As expected, it was an admirable speech (transcript), regardless of the questionable content, but, then, we’ve come to expect such lofty rhetorical flights from Obama. The tone was serious, which it had to be, and, on the whole, the president made his case effectively, I thought.
But do we buy the case? I do not.
In making the case for war, Obama sounded at times a lot like Bush. Yes, there was good reason (a solid, defensible rationale) to go to war, and the war, early on, may have been legitimate (in other words, the U.S. was justified in going to war to confront an enemy that had attacked it), but the war now is not the war then. Back then, it was about removing the Taliban from power and denying al Qaeda a safe haven in Afghanistan. That was accomplished, quickly, even if Karzai’s government doesn’t really run the country in any meaningful way. It is not clear what it is about now. Rebuilding the country? Propping up the government? Holding back the Taliban?
In the absence of a clear purpose, or rationale, for the continuing conduct of the war, there is an astonishing lack of legitimacy for the war. And even if the rationale for the war is to hold back the Taliban, as well as to maintain some semblance of stability in neighbouring Pakistan (which may descend into chaos even if the U.S. remains engaged militarily in Afghanistan), it isn’t clear that continuing to wage the war, let alone escalating it, is worth the cost, both monetary and human.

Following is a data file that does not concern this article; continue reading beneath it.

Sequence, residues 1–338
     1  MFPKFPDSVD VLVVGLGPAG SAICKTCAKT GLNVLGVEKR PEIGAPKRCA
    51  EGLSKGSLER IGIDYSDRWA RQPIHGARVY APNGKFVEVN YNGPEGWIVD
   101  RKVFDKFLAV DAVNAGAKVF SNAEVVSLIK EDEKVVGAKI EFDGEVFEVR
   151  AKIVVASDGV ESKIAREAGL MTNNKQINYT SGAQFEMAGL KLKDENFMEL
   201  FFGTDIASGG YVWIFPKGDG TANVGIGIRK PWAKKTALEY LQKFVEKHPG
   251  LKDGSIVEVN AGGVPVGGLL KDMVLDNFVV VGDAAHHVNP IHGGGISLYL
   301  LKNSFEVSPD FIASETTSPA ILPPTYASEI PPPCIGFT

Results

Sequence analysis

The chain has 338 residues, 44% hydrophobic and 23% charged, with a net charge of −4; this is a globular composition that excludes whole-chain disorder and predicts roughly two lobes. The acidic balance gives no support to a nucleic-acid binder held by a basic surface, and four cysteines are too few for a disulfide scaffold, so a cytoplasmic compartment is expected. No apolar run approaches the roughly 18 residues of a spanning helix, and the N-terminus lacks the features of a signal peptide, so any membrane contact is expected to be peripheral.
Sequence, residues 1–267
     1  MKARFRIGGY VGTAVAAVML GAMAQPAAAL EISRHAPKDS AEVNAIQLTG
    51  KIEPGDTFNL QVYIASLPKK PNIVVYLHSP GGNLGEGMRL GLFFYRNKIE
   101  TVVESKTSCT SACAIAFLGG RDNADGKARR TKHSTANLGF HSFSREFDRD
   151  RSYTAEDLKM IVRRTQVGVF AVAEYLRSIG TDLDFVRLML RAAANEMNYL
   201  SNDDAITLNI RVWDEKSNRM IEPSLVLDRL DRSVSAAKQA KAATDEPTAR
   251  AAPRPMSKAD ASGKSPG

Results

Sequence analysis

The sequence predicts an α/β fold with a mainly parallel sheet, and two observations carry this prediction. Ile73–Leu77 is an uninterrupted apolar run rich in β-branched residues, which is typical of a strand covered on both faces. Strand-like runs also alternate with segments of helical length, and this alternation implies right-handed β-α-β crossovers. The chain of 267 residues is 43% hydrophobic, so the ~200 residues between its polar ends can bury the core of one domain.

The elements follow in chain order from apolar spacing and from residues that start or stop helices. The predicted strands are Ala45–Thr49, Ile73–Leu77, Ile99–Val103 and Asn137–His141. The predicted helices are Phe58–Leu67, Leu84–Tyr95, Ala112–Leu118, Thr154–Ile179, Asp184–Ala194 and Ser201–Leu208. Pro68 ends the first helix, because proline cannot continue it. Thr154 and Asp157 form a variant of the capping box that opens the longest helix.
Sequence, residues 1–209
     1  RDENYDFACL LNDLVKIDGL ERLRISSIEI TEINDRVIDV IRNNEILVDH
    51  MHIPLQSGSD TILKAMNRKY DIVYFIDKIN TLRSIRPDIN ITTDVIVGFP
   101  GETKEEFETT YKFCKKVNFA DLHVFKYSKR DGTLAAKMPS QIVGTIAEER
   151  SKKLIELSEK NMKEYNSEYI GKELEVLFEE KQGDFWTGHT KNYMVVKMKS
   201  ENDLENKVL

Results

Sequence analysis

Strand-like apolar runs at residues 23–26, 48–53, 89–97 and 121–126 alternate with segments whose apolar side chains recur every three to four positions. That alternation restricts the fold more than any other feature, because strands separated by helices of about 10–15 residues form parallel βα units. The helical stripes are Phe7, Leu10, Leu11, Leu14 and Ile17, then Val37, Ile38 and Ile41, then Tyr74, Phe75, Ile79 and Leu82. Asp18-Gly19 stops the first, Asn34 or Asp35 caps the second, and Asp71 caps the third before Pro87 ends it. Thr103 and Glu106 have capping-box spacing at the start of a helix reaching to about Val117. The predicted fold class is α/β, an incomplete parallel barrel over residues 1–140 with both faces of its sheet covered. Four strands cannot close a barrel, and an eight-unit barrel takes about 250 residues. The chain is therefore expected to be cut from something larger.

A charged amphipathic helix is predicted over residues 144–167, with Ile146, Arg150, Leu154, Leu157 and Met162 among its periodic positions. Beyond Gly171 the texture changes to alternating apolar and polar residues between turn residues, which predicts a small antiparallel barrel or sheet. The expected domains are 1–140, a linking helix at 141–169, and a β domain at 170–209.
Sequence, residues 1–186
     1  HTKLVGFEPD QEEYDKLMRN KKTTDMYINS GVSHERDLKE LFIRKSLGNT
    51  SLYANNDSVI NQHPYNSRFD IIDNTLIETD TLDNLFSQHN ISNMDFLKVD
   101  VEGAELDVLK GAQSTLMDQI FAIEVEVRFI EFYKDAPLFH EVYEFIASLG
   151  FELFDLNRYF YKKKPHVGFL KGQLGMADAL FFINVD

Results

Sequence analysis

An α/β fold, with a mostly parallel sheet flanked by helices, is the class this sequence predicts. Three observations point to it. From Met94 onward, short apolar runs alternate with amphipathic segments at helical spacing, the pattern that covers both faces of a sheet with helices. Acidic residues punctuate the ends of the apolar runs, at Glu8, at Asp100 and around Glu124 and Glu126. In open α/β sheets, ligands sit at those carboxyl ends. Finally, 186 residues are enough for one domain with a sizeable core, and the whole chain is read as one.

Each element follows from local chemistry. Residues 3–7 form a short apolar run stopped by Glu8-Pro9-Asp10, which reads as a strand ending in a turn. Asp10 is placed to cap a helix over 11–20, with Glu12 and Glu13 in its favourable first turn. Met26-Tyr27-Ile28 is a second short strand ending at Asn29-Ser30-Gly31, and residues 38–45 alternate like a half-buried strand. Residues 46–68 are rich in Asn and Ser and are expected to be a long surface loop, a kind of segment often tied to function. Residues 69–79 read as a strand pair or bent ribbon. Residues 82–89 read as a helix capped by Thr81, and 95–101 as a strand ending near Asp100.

I was following Andrew Sullivan’s live-blogging throughout the speech. These are some of his better points, with my comments:
— “The argument for staying on offense is pure Giuliani. If you thought you were voting for a peacenik last year, you weren’t paying attention, were you? The notion that we do not face a popular insurgency as in Vietnam is also unconvincing.”
I wouldn’t call Obama a warmonger, but his resemblance to Bush, Cheney, and Giuliani, among others, is troubling. At least he’s trying to be responsible.
— “A reprise of liberal internationalism, and a Niebuhrian mix of military realism and global hope. ‘We do not seek to occupy other nations.’ And yet we do. And we will.”